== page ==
Malala: books not bullets


If we’re ever going to get rid of war, a first step is doing more to reduce the arms race. We do of course need to protect ourselves, so throwing all our weapons away is not a sensible option. But as the inspirational Malala Yousafzai has pointed out this week, a relatively small reduction in military spending would enable a massive increase in educational opportunities for the young people of the world.

She is appealing to world leaders to do more, by diverting at least a part of military spending towards education. The potential benefits are startling:

If the whole world stopped spending money on the military for just 8 days, we could provide 12 years of free, quality education to every child on the planet.”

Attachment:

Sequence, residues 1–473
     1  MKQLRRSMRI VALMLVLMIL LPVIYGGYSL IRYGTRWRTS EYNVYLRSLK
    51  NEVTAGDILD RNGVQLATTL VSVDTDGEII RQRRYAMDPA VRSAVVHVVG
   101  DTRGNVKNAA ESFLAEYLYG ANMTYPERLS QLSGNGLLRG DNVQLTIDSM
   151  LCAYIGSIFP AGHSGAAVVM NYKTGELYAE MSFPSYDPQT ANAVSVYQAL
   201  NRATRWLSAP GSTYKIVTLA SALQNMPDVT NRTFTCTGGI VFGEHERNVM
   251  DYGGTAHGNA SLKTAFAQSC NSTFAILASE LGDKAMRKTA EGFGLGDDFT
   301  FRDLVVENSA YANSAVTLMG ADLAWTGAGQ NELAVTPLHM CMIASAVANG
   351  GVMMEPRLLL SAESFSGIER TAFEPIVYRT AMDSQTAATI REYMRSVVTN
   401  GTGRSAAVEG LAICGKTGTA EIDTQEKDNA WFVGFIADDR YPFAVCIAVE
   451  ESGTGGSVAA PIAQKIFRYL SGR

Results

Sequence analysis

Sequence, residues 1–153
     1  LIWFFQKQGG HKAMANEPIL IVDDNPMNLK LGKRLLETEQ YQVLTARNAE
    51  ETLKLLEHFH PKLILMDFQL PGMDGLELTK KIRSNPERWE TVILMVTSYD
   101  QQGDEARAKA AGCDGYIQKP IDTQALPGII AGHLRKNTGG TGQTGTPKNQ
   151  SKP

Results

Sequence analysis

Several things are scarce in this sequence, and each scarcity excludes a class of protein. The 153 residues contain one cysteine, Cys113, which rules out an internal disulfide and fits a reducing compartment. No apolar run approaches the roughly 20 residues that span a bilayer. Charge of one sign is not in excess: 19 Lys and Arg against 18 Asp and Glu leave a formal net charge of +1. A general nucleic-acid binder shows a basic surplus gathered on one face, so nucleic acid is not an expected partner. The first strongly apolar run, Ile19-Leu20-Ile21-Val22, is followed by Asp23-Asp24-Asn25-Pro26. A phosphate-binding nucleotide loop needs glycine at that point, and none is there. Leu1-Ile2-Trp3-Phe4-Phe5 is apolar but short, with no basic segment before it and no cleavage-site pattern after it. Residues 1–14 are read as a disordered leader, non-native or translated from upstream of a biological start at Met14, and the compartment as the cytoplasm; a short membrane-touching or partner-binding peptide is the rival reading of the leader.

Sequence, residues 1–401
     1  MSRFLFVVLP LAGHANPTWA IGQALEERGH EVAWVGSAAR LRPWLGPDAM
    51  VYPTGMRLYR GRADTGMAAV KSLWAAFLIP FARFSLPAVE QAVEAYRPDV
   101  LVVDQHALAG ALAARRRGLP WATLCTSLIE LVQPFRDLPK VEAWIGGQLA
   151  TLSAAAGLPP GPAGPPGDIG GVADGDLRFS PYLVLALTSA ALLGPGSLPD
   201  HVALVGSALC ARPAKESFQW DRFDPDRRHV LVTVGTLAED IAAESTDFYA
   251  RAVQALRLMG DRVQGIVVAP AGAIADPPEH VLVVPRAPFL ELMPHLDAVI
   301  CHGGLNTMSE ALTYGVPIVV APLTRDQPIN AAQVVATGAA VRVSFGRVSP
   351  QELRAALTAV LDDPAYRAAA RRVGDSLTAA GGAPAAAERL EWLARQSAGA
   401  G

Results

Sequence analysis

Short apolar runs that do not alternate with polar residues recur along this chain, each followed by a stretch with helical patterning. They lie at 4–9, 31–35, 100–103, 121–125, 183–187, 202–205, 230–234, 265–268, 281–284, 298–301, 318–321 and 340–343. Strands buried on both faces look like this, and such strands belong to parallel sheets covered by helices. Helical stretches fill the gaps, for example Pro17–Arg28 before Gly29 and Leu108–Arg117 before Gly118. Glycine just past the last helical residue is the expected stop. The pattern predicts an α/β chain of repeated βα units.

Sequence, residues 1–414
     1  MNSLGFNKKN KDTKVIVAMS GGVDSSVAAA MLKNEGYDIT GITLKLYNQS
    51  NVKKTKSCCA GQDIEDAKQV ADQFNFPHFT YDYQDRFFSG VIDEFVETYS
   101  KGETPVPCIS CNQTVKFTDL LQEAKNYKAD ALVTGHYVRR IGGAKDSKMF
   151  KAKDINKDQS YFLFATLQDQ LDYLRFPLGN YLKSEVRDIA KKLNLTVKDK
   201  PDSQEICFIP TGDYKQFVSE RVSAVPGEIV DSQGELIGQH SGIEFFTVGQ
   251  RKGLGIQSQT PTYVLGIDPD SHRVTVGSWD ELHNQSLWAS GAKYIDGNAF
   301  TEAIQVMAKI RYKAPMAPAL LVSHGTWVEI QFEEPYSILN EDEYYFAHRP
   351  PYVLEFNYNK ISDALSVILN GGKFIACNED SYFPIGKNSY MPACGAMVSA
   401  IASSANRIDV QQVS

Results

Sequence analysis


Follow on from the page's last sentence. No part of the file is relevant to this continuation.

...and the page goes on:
The potential spin-off benefits from such an outcome are incalculable, but you don’t have to be a feminist to realise that a greater involvement of women in world affairs might also reduce the number of wars in future, if you believe that testosterone, among many complex political, economic and socio-cultural reasons, is perhaps an important factor in conflict at some deep primeval level.

Perhaps that’s one reason that some would deny education to young girls, specifically, and even try to silence those who campaign for it. One of the many remarkable things about Malala is that even after her attempted murder, she says “Do not be afraid.”

You can read the whole article here: Books not bullets


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